Summer 2021 Intern: Shawn C. Gremp
- Published In: Other News & Features
- Last Updated: Aug 16, 2021
I was born in Casper, Wyoming, in 1998. My mom, Amy Gremp, and my dad, Charles H. Gremp III, were both 21 years old and looking for jobs when they had me and my brother Michael a year earlier. My parents were high school sweethearts and started a family right after they graduated. We moved to Brookfield, Illinois, within two years of living in Casper. My father worked as a conductor on passenger trains in Chicago and my mom worked as a paralegal in downtown Chicago. In 2004, we moved back to Wyoming.
I spent the rest of my childhood growing up in Casper. Throughout my schooling, I played every sport I could. My favorite sport in high school was swimming and I hoped to swim in college even though I was not fast enough. I still have a passion for swim lessons, and I have taught swim lessons in Casper. I graduated in the top 10 percent of my graduating class of 340 students at Kelly Walsh High School. I am a student at the University of Wyoming pursuing a bachelor’s degree in criminal justice with a minor in Spanish. I am a member of the Criminal Justice Club and the National Society of Leadership and Success.
From an early age, I wanted to become a surgeon. But I discovered the medical field was not my passion. I have also always wanted to be a special agent for the FBI or CIA and wear a nice fancy suit to work every day. I imagined myself doing awesome and exciting things for my career and seeing parts of the world I have never seen before. My uncle worked for the Pentagon in intelligence, and I always thought that was cool.
In high school, I got a flyer in the mail about the Army National Guard, which I knew absolutely nothing about. But I was curious, so I called the recruiter’s number on the flyer to schedule a meeting with him. Since my parents could not afford to pay for my college, when the recruiter told me the Army would pay for college, I was sold right away. I signed up when I was 17 years old and went to basic training in Fort Benning, Georgia, in the summer of 2016. I was and still am an infantry soldier in the Wyoming Army National Guard. I am a corporal and a fire team leader. I oversee a fire team of five men that conducts battle drills in urban combat situations.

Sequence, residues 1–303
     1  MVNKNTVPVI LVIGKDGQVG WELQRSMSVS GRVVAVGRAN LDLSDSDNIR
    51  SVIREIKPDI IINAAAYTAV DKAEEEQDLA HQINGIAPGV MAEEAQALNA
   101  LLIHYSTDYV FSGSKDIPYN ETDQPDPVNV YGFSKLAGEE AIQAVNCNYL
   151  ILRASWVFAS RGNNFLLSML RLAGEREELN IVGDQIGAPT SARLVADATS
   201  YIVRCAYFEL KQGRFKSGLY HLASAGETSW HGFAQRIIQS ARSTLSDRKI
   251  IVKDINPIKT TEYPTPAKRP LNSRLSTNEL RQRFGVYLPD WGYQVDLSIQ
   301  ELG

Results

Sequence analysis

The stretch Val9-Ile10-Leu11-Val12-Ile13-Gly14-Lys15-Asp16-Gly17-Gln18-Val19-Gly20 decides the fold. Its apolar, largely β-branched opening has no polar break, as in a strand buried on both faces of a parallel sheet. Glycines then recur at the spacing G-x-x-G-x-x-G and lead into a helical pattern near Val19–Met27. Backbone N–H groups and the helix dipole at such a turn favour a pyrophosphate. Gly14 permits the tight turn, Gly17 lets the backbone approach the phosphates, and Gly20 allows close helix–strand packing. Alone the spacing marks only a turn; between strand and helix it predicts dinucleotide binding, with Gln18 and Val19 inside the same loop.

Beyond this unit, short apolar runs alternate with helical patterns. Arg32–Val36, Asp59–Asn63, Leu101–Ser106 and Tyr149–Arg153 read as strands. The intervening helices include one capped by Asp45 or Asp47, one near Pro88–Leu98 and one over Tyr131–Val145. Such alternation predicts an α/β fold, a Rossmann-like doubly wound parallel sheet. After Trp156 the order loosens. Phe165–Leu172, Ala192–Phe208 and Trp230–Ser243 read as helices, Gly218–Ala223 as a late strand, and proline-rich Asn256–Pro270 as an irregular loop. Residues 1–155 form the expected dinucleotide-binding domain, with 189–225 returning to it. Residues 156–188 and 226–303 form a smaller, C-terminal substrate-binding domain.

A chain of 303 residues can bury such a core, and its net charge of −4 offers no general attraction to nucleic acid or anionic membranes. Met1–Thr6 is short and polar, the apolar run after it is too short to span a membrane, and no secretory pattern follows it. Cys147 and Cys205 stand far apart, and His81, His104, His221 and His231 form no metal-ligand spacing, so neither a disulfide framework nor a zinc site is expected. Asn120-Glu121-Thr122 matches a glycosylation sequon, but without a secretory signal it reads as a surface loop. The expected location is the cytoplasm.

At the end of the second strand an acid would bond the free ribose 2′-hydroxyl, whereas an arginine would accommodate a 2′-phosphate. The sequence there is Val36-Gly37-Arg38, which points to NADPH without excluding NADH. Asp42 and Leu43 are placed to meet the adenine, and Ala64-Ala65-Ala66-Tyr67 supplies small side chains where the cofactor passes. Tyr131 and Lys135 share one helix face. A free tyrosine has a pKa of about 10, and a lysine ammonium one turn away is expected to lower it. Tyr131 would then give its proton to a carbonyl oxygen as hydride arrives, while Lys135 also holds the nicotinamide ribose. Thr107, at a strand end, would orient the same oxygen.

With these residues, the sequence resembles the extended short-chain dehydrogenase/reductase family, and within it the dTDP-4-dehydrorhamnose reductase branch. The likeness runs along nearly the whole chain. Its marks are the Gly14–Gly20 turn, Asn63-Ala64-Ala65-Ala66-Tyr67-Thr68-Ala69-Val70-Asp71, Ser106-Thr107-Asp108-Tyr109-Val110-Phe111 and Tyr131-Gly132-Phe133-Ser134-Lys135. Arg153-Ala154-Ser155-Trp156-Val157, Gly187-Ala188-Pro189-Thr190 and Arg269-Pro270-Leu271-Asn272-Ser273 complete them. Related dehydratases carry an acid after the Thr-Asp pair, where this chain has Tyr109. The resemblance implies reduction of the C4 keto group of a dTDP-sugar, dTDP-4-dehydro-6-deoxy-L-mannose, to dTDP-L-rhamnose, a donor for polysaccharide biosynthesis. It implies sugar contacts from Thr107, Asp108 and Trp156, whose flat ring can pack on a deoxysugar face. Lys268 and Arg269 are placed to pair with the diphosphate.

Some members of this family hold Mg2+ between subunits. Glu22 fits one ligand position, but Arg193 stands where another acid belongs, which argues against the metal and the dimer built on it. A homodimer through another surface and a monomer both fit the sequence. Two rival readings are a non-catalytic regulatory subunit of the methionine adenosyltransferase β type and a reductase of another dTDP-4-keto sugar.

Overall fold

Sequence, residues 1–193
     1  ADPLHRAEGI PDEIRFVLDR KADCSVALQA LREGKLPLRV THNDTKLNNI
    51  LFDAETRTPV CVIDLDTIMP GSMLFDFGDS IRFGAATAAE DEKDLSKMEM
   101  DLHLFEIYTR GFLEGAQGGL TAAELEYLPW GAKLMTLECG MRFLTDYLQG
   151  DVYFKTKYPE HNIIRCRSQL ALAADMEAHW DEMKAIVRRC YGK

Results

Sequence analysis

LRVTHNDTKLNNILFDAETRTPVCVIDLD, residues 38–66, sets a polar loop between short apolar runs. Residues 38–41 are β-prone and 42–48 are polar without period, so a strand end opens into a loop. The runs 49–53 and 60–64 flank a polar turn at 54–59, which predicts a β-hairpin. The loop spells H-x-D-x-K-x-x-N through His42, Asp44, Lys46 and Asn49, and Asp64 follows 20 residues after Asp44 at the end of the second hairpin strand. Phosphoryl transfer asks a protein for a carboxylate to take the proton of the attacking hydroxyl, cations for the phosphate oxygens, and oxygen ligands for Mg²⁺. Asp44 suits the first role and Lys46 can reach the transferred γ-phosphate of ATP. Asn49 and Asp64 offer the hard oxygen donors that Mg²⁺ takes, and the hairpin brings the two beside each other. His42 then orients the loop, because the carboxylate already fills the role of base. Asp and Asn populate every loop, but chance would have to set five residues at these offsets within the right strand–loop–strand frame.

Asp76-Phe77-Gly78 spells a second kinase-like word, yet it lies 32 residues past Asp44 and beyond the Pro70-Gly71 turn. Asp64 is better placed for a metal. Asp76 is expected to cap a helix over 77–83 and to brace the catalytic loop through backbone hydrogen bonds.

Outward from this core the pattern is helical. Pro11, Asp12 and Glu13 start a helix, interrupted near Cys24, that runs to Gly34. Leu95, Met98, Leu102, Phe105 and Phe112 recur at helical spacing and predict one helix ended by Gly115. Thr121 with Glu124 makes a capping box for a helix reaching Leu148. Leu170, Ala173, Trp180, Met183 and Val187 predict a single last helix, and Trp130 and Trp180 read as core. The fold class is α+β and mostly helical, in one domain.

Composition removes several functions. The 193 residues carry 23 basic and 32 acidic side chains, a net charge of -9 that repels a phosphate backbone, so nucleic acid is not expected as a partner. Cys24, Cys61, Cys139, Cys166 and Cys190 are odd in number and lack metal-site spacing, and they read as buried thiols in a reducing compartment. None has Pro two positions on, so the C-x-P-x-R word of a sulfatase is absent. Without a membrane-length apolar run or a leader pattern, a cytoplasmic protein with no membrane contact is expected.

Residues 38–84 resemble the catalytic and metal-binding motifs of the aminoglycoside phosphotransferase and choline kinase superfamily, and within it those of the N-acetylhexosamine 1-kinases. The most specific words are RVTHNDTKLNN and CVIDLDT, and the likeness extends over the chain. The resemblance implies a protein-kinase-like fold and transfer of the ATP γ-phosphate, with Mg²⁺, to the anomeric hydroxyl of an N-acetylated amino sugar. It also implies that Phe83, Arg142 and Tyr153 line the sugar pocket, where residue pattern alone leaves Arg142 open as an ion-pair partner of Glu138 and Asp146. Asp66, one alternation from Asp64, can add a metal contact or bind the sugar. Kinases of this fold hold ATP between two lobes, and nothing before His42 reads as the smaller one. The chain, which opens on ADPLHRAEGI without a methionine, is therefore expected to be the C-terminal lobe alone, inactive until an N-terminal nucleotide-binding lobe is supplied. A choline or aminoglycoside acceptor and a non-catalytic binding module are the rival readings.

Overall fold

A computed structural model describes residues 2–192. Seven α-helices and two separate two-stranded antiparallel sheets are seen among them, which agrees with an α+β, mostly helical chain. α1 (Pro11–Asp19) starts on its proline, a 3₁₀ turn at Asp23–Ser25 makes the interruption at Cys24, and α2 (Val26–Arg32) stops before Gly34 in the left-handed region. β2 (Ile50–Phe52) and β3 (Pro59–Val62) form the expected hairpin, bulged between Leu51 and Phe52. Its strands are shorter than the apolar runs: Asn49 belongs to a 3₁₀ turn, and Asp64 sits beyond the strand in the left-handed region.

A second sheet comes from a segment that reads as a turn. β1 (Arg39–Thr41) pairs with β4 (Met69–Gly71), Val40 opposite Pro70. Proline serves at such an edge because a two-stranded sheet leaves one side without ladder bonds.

In 2018, I went to Warrenton, Oregon, for Air Assault School. I learned how to inspect sling loads for helicopters to deliver equipment or vehicles via Army aircraft. I also learned how to rappel out of helicopters as well as how to handle Air Traffic Control for them. Air Assault School has a completion rate of only 55 percent, according to Fort Hood’s graduation numbers.
From May of 2019 to April of 2020, I was deployed to Kosovo, south of Serbia and north of Albania. We were there on a peacekeeping mission to provide freedom of movement and a safe and secure environment for the people of Kosovo. As a team leader, I oversaw planning for all our teams’ missions, briefing my team and other nations working with us. Also, it was my job to run a security team for our base’s security gate. I worked with Italian, Polish and Austrian team leaders to conduct tandem patrols in our area. Joining the Army gave me more experience than I ever thought I would have. I will be honorably discharged from the Army this December after six years.
After I graduate from college, I hope to work as a criminal investigator for the Border Patrol or go to the University of Wyoming College of Law. Every defendant should have a lawyer who genuinely cares about their circumstances and will do whatever it takes to provide the most professional legal counsel they can. It was an honor to serve my country and it would be a greater honor to do it again through criminal justice.
Working with the Wyoming Truth has been an amazing experience so far. I never really had much interest in going to law school before I started this internship but now it is something that I am considering. There are injustices and discrepancies in criminal cases all over the country and the work we are doing here in Teton County is a benchmark for something great to come. Being the voice for those who cannot tell their story on their own is such an amazing feeling.